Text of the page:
Evaluation of Actions | JPI OCEANS

Evaluation of Actions

Evaluating the successes and failures of an activity ensures that it stays relevant and provides a useful results.

JPI Oceans has set out on an ambitious journey: To contribute to a more effective and coordinated research and innovation landscape in the European marine and maritime field. Bringing together a large partnership of more than 20 participating countries, the JPI Oceans represents a truly substantial effort to make an impact in the European Research Area. Aligning the member states' programmes and strategies, as well as financial and other resources promises to generate significant impacts on synergies and reducing gaps and fragmentation, and may contribute to a more effective approach to tackle grand, societal challenges.

JPI Oceans has developed a Strategic Research and Innovation Agenda (SRIA) and an Implementation Plan (Iplan) to take the strategy forward, and an Operational Plan (Oplan) is being developed to ensure consistent implementation of near term prioritized activities. Evaluation is an inherent part of these efforts, consistent with the framework conditions laid down by Groupe de haut niveau pour la Programmation Conjointe (GPC). Guidelines for evaluation and monitoring have been developed through the CSA-project supported by FP7 named CSA Oceans.

The underpinning element of the evaluation approach will be the monitoring and the information system that will be built up through tagging of the activities of JPI Oceans. Further, a large set of indicators has been identified for the three categories of actions planned for JPI Oceans:

  • Policy actions, i.e. processes of coordination and alignment within and among the partner countries, governance of the partnership and activities;
  • Structuring actions, i.e. actions intended to have an impact on the alignment of the European research and innovation landscape in the marine and maritime domain. These structuring actions can have different typologies (link to the webpage on typologies of actions): for some of them (as an example the joint calls), their evaluation has been long experienced, for some others a careful approach has to be adopted.
  • Pilot actions, i.e. actions of an experimental nature intended to ensure learning and if possible effective implementation of up-scaled structuring actions (pilot actions are pilot versions of the structuring actions).


These indicators will provide the basis of the dedicated evaluations and assessments that will be conducted as the partnership is going forward. The approach will therefore make up a mix of internal monitoring and information systems construction, targeted evaluation of experimental pilot actions, and evaluations of the various actions that will be implemented with a focus on the established criteria and indicators. Hence, this approach is tightly connected to the hierarchy of steering documents (vision document, strategic research and innovation agenda, implementation plan and the short term operational plan). These documents make up a governance system with a decision cycle supported by the evaluation approach. Results from the various evaluation activities will be fed back into the decision making process with a view to ensure that JPI Oceans is a learning organization, and that there is a dynamic consistency between the priorities laid down in these steering documents.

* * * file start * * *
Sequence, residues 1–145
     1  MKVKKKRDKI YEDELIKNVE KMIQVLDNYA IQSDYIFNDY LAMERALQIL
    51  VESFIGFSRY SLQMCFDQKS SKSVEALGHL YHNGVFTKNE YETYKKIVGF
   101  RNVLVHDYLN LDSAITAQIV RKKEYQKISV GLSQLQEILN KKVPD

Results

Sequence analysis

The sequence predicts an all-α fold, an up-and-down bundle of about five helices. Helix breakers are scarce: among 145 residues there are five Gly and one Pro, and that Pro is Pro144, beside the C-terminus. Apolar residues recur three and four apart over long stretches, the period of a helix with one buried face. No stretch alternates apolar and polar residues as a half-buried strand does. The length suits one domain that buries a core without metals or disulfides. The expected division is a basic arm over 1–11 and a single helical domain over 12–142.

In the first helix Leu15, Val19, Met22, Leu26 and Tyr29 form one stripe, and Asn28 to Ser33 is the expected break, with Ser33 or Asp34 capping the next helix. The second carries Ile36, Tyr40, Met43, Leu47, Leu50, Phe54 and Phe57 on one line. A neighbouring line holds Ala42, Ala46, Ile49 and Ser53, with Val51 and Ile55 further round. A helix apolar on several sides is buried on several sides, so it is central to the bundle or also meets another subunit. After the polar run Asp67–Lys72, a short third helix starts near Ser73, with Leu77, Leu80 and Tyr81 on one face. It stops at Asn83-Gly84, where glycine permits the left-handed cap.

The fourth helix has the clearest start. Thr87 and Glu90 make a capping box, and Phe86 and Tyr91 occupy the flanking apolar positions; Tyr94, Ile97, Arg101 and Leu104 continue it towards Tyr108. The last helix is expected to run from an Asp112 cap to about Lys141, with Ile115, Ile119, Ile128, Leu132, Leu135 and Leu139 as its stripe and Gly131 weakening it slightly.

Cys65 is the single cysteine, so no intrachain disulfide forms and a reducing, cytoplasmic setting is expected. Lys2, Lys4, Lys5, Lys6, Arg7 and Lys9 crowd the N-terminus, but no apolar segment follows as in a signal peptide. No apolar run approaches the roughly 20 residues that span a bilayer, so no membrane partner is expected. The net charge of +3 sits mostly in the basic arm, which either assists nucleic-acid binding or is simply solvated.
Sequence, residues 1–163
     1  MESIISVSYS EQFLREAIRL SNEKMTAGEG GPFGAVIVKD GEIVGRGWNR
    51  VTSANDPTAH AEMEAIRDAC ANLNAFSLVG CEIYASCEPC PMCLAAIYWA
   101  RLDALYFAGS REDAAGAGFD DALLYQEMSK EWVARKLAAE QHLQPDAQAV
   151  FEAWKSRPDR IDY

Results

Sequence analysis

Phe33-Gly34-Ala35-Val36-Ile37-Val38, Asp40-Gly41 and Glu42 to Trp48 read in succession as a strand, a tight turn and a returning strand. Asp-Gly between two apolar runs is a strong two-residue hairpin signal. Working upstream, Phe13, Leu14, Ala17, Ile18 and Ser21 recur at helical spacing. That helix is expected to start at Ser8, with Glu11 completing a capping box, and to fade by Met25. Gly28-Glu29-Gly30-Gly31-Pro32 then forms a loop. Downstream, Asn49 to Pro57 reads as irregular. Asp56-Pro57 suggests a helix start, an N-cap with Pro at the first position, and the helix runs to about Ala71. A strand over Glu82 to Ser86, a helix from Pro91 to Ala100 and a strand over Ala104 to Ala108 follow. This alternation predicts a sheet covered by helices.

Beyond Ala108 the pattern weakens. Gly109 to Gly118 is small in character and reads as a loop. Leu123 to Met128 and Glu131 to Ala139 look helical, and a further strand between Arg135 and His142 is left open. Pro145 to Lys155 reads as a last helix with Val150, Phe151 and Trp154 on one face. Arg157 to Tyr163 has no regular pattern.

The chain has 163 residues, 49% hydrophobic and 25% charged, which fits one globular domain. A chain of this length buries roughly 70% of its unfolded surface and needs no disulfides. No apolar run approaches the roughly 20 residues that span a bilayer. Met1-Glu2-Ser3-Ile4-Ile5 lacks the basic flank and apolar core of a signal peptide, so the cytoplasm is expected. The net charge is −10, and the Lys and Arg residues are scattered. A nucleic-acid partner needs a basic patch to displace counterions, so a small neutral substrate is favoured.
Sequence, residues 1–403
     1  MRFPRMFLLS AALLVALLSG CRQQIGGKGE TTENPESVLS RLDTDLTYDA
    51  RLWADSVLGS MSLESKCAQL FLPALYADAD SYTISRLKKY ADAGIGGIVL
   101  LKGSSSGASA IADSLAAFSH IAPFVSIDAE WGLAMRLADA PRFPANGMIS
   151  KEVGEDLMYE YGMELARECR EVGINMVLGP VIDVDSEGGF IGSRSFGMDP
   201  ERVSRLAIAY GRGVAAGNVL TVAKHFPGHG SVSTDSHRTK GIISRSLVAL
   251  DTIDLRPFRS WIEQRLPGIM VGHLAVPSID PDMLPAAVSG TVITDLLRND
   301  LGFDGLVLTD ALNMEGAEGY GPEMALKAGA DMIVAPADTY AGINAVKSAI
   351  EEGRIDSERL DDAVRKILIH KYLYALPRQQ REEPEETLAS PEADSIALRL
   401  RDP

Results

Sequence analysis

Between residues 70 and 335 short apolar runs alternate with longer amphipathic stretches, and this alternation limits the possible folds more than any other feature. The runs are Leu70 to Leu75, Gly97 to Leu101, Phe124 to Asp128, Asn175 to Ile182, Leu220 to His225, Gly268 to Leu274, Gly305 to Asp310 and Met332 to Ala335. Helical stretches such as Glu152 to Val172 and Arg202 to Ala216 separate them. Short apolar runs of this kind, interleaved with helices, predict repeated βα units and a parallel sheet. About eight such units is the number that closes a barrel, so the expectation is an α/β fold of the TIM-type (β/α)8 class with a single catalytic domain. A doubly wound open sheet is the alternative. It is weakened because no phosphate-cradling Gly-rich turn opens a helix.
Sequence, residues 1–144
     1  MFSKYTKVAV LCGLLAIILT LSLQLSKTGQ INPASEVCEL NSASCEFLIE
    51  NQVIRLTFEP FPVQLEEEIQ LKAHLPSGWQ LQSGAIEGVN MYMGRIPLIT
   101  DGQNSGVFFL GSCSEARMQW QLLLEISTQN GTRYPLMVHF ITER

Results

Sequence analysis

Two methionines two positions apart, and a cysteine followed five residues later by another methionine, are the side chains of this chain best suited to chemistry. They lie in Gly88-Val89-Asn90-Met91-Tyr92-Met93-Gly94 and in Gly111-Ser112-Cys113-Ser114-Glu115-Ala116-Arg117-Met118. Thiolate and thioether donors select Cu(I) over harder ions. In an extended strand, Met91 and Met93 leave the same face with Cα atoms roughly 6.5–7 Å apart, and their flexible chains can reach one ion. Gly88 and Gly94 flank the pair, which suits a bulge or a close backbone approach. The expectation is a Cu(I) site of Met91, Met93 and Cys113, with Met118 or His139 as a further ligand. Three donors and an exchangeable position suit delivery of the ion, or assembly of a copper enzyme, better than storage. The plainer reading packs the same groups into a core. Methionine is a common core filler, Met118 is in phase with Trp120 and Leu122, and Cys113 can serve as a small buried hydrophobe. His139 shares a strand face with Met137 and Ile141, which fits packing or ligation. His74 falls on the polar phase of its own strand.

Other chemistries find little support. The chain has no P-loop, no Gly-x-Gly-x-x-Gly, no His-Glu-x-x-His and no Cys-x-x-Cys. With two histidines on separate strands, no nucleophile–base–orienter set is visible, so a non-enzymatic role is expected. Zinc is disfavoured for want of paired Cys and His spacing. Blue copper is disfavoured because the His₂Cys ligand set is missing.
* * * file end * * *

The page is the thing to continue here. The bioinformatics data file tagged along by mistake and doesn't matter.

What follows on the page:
In 2016, GPC has proposed an evaluation framework for the joint programming, mainly focused on the process of alignment of national programmes. This framework is usually addressed to evaluate JPIs and adopts some indicators which can be sometimes misleading of the peculiar characteristics of some JPIs and of the different typologies of actions, other than joint calls, which can be adopted. In this regard, from the very beginning, some of the main goals of JPIs were identified in reducing fragmentation, avoiding unnecessary duplications and structuring the European research area in its complexity. 

JPI Oceans pilot actions were devised as a test of cooperation between participating countries, in order to tackle some specific challenges. These actions have identified their specific objectives and developed their activities: they can be considered as a beta test for the effectiveness and efficiency of the fit-to-purpose approach and the interconnections between the research levels. They aimed at providing effective and efficient solutions. JPI Oceans pilot actions show some of the aspects of the joint programming process. In fact, the implementation somehow reflects priorities, commitments and management, and the activities could indeed introduce structuring effects or also show transformative impacts.

Therefore, what should be investigated when evaluating joint programming, are the counterfactual implication of the JPIs and the peculiarities of the process as a whole, even if some impacts are difficult to be quantitatively measured. In the context of the evaluation framework proposed by the GPC, many of those peculiarities, are apparently missing. This includes coordination, reducing fragmentation, increasing efficiency and testing the structuring of the European Research Area.  

Through the analysis of JPI Oceans pilot actions (reported in the Template “Performance indicators of JPIs in the evaluation framework of GPC: lesson learnt from JPI Oceans”), common aspects were preliminary identified, at different level of relevance, for the evaluation: support to policy, efficiency/defragmentation, multi-disciplinarity, emergent issues and counterfactual. They are clearly in tune with the drivers which justified JPIs to be launched, but they are difficult to be framed in evaluation criteria identified by GPC so far.


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